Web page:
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By Maria L. La Ganga and Maria L. La Ganga,Los Angeles Times | April 27, 1994
SAN LUIS OBISPO, Calif. -- There are streets here where the porches are deep, the shade is cool and the spring flowers billow thick as clouds, where old men doze over the Sunday paper and children build castles out of sheets and sagging wicker lounge chairs.And then there are the suburbs of the past 10 years, largely populated by fleeing Los Angelenos, where certain houses have "a double garage door and a blank wall being the only presentation to the street," says Glen Matteson, associate city planner.
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TRAVEL
February 18, 2001
Four Virginia cities -- Portsmouth, Hampton, Norfolk and Newport News -- have joined forces to offer the year-round African American Heritage program, which features landmarks, festivals and tours celebrating the region's African-American culture and history. Portsmouth offers tours of the Emanuel African Methodist Episcopal Church, built in 1857 by a congregation of slaves and freed blacks, along with September's Umoja Festival, featuring tastes, sights and sounds of African-American culture.
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TRAVEL
February 18, 2001
Four Virginia cities -- Portsmouth, Hampton, Norfolk and Newport News -- have joined forces to offer the year-round African American Heritage program, which features landmarks, festivals and tours celebrating the region's African-American culture and history. Portsmouth offers tours of the Emanuel African Methodist Episcopal Church, built in 1857 by a congregation of slaves and freed blacks, along with September's Umoja Festival, featuring tastes, sights and sounds of African-American culture.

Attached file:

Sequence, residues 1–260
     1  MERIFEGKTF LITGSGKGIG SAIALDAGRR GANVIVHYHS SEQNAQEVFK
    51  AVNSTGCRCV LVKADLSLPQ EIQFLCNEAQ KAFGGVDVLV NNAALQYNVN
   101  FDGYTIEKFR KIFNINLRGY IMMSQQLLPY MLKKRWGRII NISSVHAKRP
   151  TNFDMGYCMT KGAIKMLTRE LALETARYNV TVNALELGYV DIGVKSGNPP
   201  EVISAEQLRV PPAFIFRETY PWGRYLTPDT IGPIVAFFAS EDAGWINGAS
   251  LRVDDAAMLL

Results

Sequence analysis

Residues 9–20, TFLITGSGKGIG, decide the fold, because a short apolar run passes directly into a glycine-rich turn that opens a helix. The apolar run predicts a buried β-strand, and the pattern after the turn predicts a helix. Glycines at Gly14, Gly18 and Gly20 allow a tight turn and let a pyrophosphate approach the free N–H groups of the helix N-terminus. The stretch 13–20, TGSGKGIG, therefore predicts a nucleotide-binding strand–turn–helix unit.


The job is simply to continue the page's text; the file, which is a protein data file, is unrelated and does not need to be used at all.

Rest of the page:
FEATURES
By Douglas Birch and Douglas Birch,SUN STAFF | January 14, 1996
The bad news came, as it always seems to, in the middle of the night.My wife answered the phone. Shadows cast by the headlights of a passing car rippled through the blinds. "Oh, no," she muttered, still groggy. "Oh, my God. No."She hung up. "Jeff and Ann are dead," she said. She made it sound as though dead were the most improbable thing anyone could ever be."What?""And Siena. There was a car accident."I got up and wandered downstairs. Memories of the Fairbanks family darted through the dark rooms.
FEATURES
By Douglas Birch and Douglas Birch,SUN STAFF | January 14, 1996
The bad news came, as it always seems to, in the middle of the night.My wife answered the phone. Shadows cast by the headlights of a passing car rippled through the blinds. "Oh, no," she muttered, still groggy. "Oh, my God. No."She hung up. "Jeff and Ann are dead," she said. She made it sound as though dead were the most improbable thing anyone could ever be."What?""And Siena. There was a car accident."I got up and wandered downstairs. Memories of the Fairbanks family darted through the dark rooms.
NEWS
By Michael Dresser | December 27, 2006
2005 Edna Valley `Paragon' Sauvignon Blanc, San Luis Obispo County ($15) This full-bodied, ripe dry white wine offers an outstanding array of penetrating flavors. There are nuances of peaches, figs, honey and herbs, and the wine snaps to a finish with refreshing "bite." It's an interesting balance of lushness and edginess. Serve with fish, Cajun or creole cuisine.
NEWS
December 2, 1991
Ryan Thomas, a 10-year-old boy with AIDS who won a federal court battle to stay in class after he was kicked out of kindergarten, died Thursday in San Luis Obispo, Calif. Ryan was infected with the AIDS virus through a blood transfusion he received shortly after his premature birth.